Religion, Law, and Republic in Hegel Political Forms in the Early Theological Writings (two post series following on from post on ‘Protestant Apocalyptic Elements of Kant’s Enlightenment Republicanism’)

Hegel’s early writings on religion and Christianity, particularly The Positivity of the Christian Religion contain discussion of law, religion, and the state, which anticipate political theory work on liberalism, communitarianism, egalitarianism, and libertarianism, drawing on earlier discussions of liberty, law, and religion in different political regimes, particularly as undertaken by Montesquieu, though Hegel does not often refer directly to him.

What Hegel adds to the discussion and which can be useful for current discussions is a sense of tension within regimes and between different kinds of regime, which casts the greatest possible light on the nature of those regimes, and which incorporates a sense of change and historical process into political thought and thought about political regimes.

Hegel’s early discussion  of religion includes many comments on the place of religion in politics and law, including the role that the rise of Christianity has in the general movement from ancient republics based on virtue to modern states based on positive law.

Hegel establishes four basics kinds of state with regard to the place they give to religion, as something that appears in the course of his writing on religion. The first two kinds are the contrasting pair of Greek and Jewish states in antiquity. These are taken by Hegel in republican terms, though even though he acknowledges the Ancient Jews adopted monarchy within the framework of a religiously oriented state system.

Their republican aspect is in their commitment to equality and in this Hegel follows Montesquieu’s view of a republic as based on a principle of virtue. Strictly speaking that only applies to democratic republics, not aristocratic republics, which are based on a principle of moderation. However, moderation is really a way of replicating virtue, so is not completely distinct. Montesquieu’s own clarification of the principle of virtue is that it largely means patriotism, which includes putting public goods above private benefits along with equality, which from the analyses in The Spirit of the Laws can be taken as referring to economic equality, along with equality before the law and equality in political rights.

The Greek form of republic implements equality through distribution of land in Hegel’s account, while the Jewish form of republic implements equality through abolition of private land holdings, which are only used by individuals on loan from the state. On this basis, Hegel suggests that the Greek model is more individualising while the Jewish model is more collectivist.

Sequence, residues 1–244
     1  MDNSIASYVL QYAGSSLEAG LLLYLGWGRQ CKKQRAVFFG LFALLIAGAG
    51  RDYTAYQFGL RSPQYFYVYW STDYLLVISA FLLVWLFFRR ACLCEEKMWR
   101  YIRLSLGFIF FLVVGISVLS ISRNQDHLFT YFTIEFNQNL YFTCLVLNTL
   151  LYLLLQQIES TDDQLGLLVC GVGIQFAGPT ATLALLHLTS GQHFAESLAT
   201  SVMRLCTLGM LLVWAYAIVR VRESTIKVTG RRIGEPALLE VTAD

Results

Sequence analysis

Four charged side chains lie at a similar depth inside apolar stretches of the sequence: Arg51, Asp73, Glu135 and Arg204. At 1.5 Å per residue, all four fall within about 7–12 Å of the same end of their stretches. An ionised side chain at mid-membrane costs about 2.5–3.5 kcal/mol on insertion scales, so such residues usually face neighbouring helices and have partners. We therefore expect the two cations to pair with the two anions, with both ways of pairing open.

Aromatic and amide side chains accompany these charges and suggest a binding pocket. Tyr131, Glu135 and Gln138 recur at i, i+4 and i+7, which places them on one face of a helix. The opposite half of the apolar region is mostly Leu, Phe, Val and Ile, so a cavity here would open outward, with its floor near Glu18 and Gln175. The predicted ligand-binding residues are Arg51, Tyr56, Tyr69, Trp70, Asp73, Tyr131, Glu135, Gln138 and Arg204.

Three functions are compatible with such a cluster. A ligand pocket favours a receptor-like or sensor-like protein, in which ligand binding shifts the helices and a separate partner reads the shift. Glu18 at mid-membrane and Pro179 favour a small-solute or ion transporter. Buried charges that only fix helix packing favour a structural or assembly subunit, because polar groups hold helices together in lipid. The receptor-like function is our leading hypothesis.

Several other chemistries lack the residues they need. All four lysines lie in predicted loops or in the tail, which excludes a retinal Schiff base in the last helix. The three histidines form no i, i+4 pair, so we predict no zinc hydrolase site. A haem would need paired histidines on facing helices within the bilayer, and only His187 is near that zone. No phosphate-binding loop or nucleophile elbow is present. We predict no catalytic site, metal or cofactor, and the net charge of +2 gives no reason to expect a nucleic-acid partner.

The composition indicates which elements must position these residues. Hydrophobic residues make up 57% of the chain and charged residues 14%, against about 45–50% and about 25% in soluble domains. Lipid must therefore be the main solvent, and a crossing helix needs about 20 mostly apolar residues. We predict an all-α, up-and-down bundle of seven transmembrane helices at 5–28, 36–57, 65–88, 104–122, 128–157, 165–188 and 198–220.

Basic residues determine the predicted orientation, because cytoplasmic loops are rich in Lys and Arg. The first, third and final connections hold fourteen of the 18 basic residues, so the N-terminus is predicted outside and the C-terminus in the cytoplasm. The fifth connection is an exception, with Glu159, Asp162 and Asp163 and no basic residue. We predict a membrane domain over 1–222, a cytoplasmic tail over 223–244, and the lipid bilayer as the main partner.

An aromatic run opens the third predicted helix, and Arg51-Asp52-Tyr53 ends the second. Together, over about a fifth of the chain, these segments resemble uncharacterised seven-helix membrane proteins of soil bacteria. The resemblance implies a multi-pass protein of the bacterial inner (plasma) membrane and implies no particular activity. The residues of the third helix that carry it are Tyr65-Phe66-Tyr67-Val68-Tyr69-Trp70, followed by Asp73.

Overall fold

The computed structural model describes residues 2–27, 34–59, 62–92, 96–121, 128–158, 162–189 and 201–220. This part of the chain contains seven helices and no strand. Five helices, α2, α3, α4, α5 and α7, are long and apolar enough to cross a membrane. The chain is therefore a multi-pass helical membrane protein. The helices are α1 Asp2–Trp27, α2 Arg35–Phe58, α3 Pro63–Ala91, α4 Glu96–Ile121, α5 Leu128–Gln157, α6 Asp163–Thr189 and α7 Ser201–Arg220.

The other major distinction between the two kinds of republic are religiously based, though of course religion enters into the land ownership issues, so that the Greek kind of republic makes gods and law knowable to humans and open to experience, even if this may involve some mystical elements.

The Jewish kind of republic makes law something given from a divinity unknown in the way Greek gods might be known, and is so remote that the ancient Jews needed Moses, that is political leadership, and a form of physical religious manifestation as mediating agents, the Holy of Holies, which houses the Ten Commandments. The desire for mediation extends to the Jewish state and its monarchy.

Faced with Roman oppression, the Jewish state resorts to material political and military efforts to defend its spiritually justified existence. For Hegel, this is a grotesque mixture of elements, in which the fall of the Jewish state at Roman hands lacks the status of tragedy, though Hegel does compare the Jewish resistance to Rome with the destructiveness of Macbeth in Shakespeare’s tragedy, so his view of republics is entangled in a complicated way with his concept of tragedy. Since his understanding of tragedy includes a strong distinction between ancient and modern forms, his comparison of the fate of the ancient Jewish state with a modern tragedy is significant itself.  Compared with the Greeks, in Hegel’s account, the Jews lacked tragedy, or maybe just ancient tragedy, and a sense of the human world of politics.

The Greek kind of republic goes through its own degeneracy according to Hegel’s Montesquieu style account of the decline of virtue, so that despotism takes over from republicanism. It is an account that can be taken as a reference to the subordination of the Greek republics to the Macedonian monarchy and then the transformation of Rome into a disguised revival of monarchy under the Emperors, reinforcing the subordination of the Greek republics to non-republican forms of government. The sense of the weakness of humanity, of its apparent lack of capacity to naturally generate goodness leads to a kind of despair that makes Christianity a rising religion, since it offers some kind of explanation and solution to this situation.

It is really here that Hegel situates the role of ‘positive law’, which he strongly associates with the positive content of Christianity. That is he associates the rise of law made by political will over laws that apparently represent some deep agreement of the community about general principles of justice, which might be described as natural justice, with the ways in which Christian churches manifest particular laws and representations of the divine, rather than just recognition of the absolute nature of the divine. The issues are entangled in Hegel’s account partly because his major discussion of law is with regard to laws favouring the state church.

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